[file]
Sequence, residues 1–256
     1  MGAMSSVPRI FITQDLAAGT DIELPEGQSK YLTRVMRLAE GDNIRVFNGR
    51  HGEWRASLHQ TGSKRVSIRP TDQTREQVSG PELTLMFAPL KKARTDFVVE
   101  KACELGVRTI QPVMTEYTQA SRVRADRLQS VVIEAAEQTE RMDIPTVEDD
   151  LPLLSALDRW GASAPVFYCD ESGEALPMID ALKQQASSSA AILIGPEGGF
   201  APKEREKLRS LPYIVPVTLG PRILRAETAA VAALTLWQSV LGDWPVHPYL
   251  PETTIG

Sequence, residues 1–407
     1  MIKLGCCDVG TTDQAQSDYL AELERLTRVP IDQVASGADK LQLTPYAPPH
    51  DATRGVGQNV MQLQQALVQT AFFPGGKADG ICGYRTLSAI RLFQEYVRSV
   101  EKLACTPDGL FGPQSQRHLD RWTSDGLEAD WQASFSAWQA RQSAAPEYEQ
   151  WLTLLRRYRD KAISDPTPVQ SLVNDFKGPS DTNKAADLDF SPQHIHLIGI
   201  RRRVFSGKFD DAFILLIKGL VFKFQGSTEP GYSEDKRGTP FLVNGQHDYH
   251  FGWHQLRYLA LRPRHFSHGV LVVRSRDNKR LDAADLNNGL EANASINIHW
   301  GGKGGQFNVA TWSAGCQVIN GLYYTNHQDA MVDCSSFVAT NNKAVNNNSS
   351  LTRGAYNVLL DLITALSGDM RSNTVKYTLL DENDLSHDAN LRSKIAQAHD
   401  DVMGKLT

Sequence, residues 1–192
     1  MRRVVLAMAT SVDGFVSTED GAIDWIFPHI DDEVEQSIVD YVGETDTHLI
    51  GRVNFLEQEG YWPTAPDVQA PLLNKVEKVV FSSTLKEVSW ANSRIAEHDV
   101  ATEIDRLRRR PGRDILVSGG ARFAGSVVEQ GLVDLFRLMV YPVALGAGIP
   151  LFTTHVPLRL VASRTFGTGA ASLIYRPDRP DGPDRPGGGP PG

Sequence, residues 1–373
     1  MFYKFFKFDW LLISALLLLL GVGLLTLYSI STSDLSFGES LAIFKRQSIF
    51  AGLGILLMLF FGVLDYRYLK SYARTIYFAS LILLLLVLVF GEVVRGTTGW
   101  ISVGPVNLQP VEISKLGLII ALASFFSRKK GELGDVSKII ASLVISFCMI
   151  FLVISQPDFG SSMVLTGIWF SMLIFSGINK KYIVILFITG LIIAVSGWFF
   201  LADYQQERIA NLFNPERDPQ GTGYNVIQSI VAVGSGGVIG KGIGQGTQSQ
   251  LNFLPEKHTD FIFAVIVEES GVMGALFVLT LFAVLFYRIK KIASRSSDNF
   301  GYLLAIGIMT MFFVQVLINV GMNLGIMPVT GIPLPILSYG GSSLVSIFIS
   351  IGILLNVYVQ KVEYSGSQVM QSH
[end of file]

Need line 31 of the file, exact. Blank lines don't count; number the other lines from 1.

   351  IGILLNVYVQ KVEYSGSQVM QSH